Caesar salad might be the Kim Kardashian of salads. This is a theory I have, and it sprung from a few conversations about Kim Kardashians's empire of influence following a recent GQ article hell-bent on introducing the world to Kim K, CEO.
I was discussing this article with Ariel and during our conversations words like ubiquitous, harmless, and average kept coming up. We talked about the endurance of popularity, cultural phenomenons, and spikes in trends and I realized that we could have easily been discussing Caesar salad.
A Theory Takes Shape
Is it really so hard to believe that one of the most universally popular items on a restaurant menu — an item you can get anywhere from McDonald's to Olive Garden to Cipriani's would share commonalities with one of the more recognizable celebrities today? It shouldn't be. At least not when you consider that both Kim K and Caesar salad's sphere of influence is predicated on their ability to be everywhere. Replicable and consumable in varying stages of quality, many of the attributes I associate with Caesar salad very easily translate to qualities we're presented with in Kim K.
Caesar Salad, Kim K, and the Value of Being Everywhere
If someone tells me they've never heard of Kim Kardashian, I'm giving them the side-eye. I don't buy it. Even if you don't buy into her — her brand, or her cult of influence — there's a strong chance you know who she is. She's been successful at being everywhere and much discussed for the last 10 years. She's had spikes and dips, but for the most part, her celebrity endures. The same can be said for Caesar salad.
Much like Kim K, regardless of its fuzzy beginnings, this salad's popularity endures. With a balance of all the flavors that make a dish desirable — fatty, rich, salty, sour, crunchy, and light — why wouldn't it? Because there are so few ingredients in a Caesar salad, it's relatively easy to make and scale in quality, and it's equally as easy to replicate and ruin. When you're at the drive-thru and order a Caesar salad, your expectations should take into consideration the presence of a packet of dressing and a clamshell container. Dining with white tablecloths and ordering the house Caesar? There might be kale.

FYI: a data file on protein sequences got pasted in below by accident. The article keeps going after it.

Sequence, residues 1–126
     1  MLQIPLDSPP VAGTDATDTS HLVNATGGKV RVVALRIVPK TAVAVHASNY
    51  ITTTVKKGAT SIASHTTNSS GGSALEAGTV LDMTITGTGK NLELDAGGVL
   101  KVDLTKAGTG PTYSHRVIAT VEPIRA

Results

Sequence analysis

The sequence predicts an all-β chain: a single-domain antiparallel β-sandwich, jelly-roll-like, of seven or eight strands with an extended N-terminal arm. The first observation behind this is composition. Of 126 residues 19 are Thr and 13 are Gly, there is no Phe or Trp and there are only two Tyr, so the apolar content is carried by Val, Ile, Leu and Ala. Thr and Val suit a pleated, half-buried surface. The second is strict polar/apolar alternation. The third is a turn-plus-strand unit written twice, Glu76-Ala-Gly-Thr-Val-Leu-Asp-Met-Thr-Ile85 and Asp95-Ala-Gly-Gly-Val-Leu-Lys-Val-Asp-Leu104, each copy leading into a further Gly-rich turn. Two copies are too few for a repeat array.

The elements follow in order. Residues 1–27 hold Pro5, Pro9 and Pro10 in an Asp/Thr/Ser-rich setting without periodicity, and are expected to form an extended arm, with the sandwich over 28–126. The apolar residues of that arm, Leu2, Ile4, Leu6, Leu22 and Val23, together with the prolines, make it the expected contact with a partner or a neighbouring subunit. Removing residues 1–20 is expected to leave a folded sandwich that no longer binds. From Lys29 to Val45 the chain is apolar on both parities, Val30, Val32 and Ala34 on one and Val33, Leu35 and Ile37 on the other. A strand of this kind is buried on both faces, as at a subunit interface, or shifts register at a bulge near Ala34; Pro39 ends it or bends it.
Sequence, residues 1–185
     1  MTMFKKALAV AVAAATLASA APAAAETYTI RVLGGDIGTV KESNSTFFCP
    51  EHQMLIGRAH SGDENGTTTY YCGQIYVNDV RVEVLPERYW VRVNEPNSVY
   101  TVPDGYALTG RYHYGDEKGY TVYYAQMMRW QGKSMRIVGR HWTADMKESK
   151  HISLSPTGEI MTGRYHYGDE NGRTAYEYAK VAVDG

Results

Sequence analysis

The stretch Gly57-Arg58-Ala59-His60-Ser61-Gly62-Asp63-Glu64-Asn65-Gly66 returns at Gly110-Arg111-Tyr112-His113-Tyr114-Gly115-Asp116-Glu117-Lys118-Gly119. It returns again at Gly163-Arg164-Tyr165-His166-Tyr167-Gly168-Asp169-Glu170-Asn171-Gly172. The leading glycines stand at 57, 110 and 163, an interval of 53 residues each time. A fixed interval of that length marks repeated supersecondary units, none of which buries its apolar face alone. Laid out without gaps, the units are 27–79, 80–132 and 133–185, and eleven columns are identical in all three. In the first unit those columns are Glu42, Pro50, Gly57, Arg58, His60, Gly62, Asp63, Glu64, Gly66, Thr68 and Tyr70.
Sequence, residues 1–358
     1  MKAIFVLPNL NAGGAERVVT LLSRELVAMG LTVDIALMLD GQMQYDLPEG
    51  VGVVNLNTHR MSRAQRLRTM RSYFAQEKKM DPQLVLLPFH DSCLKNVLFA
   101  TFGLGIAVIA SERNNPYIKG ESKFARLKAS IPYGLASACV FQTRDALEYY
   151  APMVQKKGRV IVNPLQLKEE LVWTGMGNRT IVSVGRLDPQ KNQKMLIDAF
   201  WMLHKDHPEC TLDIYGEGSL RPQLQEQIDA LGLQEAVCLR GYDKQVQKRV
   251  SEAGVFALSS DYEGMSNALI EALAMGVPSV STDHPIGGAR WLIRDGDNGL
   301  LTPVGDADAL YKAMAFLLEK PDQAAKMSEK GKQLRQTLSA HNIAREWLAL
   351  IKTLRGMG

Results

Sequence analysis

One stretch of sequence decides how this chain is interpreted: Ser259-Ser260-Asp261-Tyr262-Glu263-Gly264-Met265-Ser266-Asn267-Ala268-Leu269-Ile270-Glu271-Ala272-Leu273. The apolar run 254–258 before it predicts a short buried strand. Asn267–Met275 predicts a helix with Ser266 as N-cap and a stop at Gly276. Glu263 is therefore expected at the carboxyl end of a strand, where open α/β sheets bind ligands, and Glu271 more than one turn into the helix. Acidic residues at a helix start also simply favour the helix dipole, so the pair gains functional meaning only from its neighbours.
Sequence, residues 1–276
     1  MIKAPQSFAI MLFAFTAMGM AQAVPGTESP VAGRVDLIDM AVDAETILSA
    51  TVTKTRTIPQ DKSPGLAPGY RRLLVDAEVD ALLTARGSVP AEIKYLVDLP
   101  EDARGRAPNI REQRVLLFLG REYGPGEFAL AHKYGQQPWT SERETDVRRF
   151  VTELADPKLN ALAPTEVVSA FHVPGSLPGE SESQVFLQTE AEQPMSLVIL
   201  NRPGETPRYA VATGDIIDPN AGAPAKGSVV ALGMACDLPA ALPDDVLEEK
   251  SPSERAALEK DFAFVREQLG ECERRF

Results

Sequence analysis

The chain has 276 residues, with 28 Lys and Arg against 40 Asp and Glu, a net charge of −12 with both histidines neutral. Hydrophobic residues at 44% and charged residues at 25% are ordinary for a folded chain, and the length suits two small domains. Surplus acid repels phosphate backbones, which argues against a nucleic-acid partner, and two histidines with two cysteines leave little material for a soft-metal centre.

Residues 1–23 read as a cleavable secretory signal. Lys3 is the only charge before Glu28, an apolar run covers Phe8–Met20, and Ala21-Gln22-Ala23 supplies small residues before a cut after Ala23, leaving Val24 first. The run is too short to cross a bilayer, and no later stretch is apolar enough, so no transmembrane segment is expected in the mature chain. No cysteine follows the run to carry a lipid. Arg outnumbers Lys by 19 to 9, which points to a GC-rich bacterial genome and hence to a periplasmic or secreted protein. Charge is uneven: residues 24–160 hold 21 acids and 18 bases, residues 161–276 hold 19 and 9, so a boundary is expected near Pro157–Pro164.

If you've ever watched an episode of Keeping Up with the Kardashians, you'll recognize the formatted structure of the those 22 minutes, how few plot lines — or ingredients — are required. That's how a benign reality television show about pretty much nothing becomes a replicable model with numerous offshoots. Scaling is easy when the formula is simple.
This ability to be everywhere and consumed by anyone functions like a built-in PR campaign for both Caesar salad and the Kim K brand — it keeps both of them relevant without much effort. The accepted ubiquity of Caesar salad on menus means it has become an expectation, and it has to do very little to reinvent itself when we demand innovation. Simply take the template of Parmesan + creamy dressing + croutons and drape it over kale and it suddenly it becomes trendy and modern. Take Kim K and add a multimillion-dollar app and suddenly she's an entrepreneur.
I say all this with a sense of admiration. You've got to give credit to the creation of a formula so simple it's almost elegant. Regardless of whether you're a fan of either, neither, or both, you can't deny the fact that being able to be everywhere has its merits.